Government Promoting Pre-Booking Taxis to Challenge Uber Taiwan

Government Promoting Pre-Booking Taxis to Challenge Uber Taiwan
Photo Credit: Corbis/達志影像
What you need to know

According to the new taxi regulations drafted by the Ministry of Transportation and Communications, pre-booking taxis will soon be allowed. The color of these taxis also does not have to be yellow, and they can charge more than normal taxis.

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The scene of yellow cabs rolling through the streets might not be seen in Taiwan any longer.

According to the new taxi regulations drafted by the Ministry of Transportation and Communications (MTC), pre-booking taxis will soon be allowed. The color of these taxis also does not have to be yellow, and they can charge more than normal taxis. However, pre-booking taxis can’t pick up customers on the streets and vehicle age requirements will also be strict. The new regulations will be implemented as soon as this May.

According to the Ministry of Transportation and Communications, the new measures were established because of the impact brought by the emerging taxi service, Uber.

The new regulations divide taxicabs into two kinds, normal and pre-booking. Normal taxis can only still be painted yellow, while the pre-booking taxis can be painted any color. Moreover, the signs can be taken off the top of the vehicles so the pre-booking taxis will look just like normal cars.

Liberty Times reports, Wang Mu-heng, the deputy director of the Department of Railways and Highways, says that the new regulations adopt Uber’s business model as a mean to urge Uber Taiwan to abide the laws and file taxes. Other officials say that if Uber Taiwan continues to operate its business illegally, the government will take legal action.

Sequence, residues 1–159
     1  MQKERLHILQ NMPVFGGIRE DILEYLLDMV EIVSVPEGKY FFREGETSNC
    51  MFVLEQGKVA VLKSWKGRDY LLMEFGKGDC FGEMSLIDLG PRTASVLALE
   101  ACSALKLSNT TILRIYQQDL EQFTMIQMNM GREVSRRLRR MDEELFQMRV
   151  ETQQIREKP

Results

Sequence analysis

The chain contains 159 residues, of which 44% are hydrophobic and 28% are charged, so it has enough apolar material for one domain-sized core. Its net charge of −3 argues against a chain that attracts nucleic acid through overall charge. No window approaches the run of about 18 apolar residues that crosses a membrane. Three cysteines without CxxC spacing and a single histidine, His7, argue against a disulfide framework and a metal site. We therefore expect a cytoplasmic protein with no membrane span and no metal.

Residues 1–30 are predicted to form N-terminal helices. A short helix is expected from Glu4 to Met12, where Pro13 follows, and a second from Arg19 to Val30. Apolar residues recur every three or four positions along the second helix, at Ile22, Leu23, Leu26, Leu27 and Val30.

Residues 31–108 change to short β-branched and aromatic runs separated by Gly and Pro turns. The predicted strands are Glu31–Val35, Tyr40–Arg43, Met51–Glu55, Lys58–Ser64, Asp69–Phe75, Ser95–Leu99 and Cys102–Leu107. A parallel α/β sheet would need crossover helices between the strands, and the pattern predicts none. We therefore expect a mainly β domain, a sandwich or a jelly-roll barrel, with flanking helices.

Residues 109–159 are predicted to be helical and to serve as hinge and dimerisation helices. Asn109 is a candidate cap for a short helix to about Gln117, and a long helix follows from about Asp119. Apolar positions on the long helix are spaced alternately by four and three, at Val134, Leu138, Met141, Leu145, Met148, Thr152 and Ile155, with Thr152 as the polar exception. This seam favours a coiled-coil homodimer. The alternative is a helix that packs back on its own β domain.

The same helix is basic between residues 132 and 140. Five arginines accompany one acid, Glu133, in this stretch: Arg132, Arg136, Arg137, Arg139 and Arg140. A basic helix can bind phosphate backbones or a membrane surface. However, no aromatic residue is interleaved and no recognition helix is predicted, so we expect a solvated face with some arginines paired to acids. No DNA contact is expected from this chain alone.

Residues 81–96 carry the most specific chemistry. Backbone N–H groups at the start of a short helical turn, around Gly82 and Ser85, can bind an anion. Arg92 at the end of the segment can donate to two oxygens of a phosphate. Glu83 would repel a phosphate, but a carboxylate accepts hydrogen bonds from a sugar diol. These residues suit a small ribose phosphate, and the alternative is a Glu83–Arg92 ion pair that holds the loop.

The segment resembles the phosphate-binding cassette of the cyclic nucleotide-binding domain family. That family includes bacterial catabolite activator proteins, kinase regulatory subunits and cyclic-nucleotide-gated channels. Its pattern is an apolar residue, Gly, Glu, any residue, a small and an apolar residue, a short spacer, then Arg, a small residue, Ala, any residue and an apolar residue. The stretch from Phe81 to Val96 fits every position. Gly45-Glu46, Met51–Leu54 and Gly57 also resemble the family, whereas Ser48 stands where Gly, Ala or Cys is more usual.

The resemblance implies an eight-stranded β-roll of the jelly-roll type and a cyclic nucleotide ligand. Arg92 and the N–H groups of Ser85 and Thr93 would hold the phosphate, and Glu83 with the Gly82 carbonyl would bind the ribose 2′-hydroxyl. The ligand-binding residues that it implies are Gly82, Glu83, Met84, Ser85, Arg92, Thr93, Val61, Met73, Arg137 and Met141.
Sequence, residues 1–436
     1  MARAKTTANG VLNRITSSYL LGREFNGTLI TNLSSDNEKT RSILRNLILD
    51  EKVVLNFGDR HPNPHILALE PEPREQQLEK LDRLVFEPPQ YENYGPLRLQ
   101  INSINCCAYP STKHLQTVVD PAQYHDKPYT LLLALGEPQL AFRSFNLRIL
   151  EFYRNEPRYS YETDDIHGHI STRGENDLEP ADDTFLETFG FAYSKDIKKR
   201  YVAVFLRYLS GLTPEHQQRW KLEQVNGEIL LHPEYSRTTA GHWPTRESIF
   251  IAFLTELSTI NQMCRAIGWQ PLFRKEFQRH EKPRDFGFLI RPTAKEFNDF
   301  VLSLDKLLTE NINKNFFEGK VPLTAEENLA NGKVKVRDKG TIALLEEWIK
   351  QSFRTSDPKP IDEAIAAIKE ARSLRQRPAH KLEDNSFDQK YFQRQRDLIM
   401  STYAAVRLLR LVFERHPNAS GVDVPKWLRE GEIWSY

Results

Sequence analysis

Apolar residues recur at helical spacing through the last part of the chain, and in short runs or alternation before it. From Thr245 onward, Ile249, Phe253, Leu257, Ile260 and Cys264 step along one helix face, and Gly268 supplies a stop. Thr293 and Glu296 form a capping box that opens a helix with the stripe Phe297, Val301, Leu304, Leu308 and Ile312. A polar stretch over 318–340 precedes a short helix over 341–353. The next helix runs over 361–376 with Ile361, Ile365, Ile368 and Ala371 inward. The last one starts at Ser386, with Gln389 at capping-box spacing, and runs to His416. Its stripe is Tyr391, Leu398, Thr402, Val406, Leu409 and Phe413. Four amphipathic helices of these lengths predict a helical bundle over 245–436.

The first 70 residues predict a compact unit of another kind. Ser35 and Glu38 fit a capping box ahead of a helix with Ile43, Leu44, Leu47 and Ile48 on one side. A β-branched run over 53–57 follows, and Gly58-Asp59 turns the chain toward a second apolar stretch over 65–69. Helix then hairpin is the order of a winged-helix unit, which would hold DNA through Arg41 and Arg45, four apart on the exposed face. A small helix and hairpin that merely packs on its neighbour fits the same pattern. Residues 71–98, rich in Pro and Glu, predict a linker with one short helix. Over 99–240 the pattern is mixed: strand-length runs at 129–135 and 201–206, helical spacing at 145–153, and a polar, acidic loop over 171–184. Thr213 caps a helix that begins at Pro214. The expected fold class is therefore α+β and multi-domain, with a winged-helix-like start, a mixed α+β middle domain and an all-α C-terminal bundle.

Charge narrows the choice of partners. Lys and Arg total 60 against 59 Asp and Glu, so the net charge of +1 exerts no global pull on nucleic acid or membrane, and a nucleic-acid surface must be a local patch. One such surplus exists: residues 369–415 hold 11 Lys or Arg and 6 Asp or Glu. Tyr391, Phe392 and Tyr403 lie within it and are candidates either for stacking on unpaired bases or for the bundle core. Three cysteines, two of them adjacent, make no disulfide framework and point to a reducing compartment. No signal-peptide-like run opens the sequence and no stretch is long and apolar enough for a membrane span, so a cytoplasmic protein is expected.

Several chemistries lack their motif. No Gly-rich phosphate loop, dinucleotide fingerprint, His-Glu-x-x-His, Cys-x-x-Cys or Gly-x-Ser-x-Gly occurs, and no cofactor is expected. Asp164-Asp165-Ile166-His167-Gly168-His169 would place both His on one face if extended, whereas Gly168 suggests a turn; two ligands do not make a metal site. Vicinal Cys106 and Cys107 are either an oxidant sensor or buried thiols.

Wang says that the new regulations also ease the pricing standard for pre-booking taxis. If you are a taxi driver in Taipei City, you can charge the starting price twice more than the current fare from NT$80 to NT$150 (approximately US$2.43 to US$ 4.56). The gap between peak and off-peak hours is allowed and high-class taxis can offer service to tourist attractions and remote areas, where most of the taxi drivers are currently reluctant to go.

CNA reports, Liang Ping-liang, the director of the taxi association, says that small taxi services are unable to build an operating application system like Uber. Liang suggests the government to establish a unified taxi matchmaking network and help all taxicab service providers use the application platform so the new regulations can not only benefit the large taxi service providers.

A commuter, Huang, says that traditional taxis in Taiwan are already associated with negative impressions like overtaking other cars and randomly stopping on the road to pick up passengers, so people turn to Uber for better service quality.

“Merely painting the taxis other colors is useless. The taxi drivers should think about how to improve their service quality as well," Huang says.

Liberty Times reports, Feng Chia University Department of Transportation Technology and Management Associate Professor Lee Ker-tsung (李克聰) says Uber cannot be eradicated because it offers consumers access to multiple services and provides a chance for people to supplement their income through a sharing economy, which is a current global trend.

Translated by June
Edited by Olivia Yang

Sources:

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